Interview

Facebook's HTML5-based Project Spartan won't kill 'dirty' Flash, reckons Mobile Pie's Will Luton

Still a space for the old ways

Facebook's HTML5-based Project Spartan won't kill 'dirty' Flash, reckons Mobile Pie's Will Luton
It seems strange to be discussing the impact of a platform its creators are yet to even acknowledge, but the prospect of Facebook's Project Spartan – now expected to be announced in its own event after F8 on September 22 – is too big to ignore.

If chatter is to be believed, Spartan's browser-based marketplace will offer a bypass to the traditional platform-centric app store – albeit potentially with Apple's backing – with its HTML5 foundation allowing it to target almost any browser on any OS.

The question that arises, therefore, is just where this leaves Flash – the traditional first port of call for in-browser entertainment.

According to Mobile Pie creative director Will Luton, while the advantages of launching an HTML5 platform are clear to see for Facebook, it doesn't necessarily mean the rest of the industry will dance to the same beat.

Pocket Gamer: What do you expect Facebook's Project Spartan to offer the industry?

Will Luton: I think Project Spartan could be very important. It's a given that at some point in the future the web will become the de facto platform for all devices and HTML 5 looks likely to have a big part to play in it.

The main issues, beyond the technical ones, is delivery and discovery and Facebook is perfectly placed to solve those problems. It has a monetisation platform, ad services and a ton of game playing users.

Is Facebook ahead of the curve with this?

I think HTML5 games will solve a problem for Facebook.

Games are incredibly sticky and Zynga et al are bringing lots of people back to Facebook daily, increasing visit time and ad impressions, but as users switch from the desktop to mobiles not supporting Flash – or, at least, not supporting it well - it's losing a massive retention hook.

In fact, the only unique thing Facebook does on mobile over web is Places, and that doesn't seem to have done the business for it. So, it needs to have games on its mobile portal too.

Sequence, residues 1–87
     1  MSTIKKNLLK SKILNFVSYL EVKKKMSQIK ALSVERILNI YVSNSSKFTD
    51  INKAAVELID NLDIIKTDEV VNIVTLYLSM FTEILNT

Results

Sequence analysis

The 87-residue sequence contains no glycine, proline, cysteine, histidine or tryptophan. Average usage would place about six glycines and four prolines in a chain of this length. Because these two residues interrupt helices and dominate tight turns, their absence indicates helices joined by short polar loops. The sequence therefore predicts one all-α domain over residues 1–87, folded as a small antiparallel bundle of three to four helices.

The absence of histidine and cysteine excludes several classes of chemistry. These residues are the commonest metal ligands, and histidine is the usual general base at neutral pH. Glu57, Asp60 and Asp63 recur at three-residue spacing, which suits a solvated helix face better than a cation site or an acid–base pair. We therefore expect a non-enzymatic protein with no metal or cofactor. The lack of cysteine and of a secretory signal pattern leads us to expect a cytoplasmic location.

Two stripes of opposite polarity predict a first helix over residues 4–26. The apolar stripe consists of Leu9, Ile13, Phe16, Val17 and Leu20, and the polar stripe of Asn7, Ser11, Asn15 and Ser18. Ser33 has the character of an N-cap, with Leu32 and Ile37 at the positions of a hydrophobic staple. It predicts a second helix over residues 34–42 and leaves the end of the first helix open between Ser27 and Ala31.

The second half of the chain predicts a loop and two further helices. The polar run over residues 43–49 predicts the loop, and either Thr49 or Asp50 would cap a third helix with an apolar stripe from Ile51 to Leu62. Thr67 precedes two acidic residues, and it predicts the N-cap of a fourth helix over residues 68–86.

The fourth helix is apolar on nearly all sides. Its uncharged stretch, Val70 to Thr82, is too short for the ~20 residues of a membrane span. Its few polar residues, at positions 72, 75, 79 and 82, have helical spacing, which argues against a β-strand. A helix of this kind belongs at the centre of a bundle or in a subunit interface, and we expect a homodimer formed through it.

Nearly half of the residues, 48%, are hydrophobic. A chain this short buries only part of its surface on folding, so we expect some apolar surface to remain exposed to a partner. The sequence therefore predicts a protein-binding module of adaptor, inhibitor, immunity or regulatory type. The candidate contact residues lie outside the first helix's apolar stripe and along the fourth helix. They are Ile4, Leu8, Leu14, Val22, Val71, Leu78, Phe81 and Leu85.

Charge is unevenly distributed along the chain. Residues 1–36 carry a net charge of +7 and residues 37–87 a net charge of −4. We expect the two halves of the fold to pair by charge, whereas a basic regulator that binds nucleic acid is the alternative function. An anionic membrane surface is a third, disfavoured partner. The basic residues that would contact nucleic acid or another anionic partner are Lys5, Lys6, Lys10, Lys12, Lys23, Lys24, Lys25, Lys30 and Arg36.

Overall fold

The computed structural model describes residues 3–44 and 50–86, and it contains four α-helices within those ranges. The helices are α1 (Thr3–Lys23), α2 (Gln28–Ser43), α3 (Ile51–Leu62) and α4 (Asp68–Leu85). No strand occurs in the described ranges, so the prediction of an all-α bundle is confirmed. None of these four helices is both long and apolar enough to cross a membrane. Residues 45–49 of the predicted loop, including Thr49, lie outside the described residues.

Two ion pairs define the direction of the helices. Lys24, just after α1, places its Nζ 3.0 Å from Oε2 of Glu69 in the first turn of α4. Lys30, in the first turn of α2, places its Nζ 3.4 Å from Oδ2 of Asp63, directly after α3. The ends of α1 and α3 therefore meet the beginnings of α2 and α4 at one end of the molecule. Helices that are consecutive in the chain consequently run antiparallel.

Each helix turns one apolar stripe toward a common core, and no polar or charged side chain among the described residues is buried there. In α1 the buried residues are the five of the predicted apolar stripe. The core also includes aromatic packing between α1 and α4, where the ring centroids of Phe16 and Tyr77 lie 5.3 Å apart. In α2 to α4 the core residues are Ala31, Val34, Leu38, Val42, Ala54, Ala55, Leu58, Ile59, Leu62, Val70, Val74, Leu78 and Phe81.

Do you think this is game over for Flash gaming?

Flash certainly has a place as it does cross-platform very well, with little compatibility problems, and in some special cases outperforms HTML5, apparently.

Yes, it's a little dirty and not mobile friendly, but there's a market there for Flash on the likes of Kongregate, New Grounds etc and as we've seen from J2ME markets, the legacy platforms with entrenched users and tech can remain profitable for a long while.

At the moment, Flash has a fantastic install base, delivery network and back catalogue of games.

How do you think the move to HMTL5 will impact app stores?

Likewise, HTML5 won't kill the native app overnight. Performance and the technology itself will take time to refine, I believe, and consumers know the app stores and how apps work. If anything, it will be a slow erosion.

Does Mobile Pie have any plans for HTML5/Spartan?

We're very much platform agnostic here at Mobile Pie and get something out on all mobile platforms, even if they're very light games.

We've done some internal experiments with HTML5 and are looking at some future tech we're calling PIE5, so we're keeping an eye on how things are moving at the moment.

Should Project Spartan happen, we'll be researching it carefully and will undoubtedly put something out.
Thanks to Will for his time.

You can find out more about Mobile Pie via its website.

With a fine eye for detail, Keith Andrew is fuelled by strong coffee, Kylie Minogue and the shapely curve of a san serif font.

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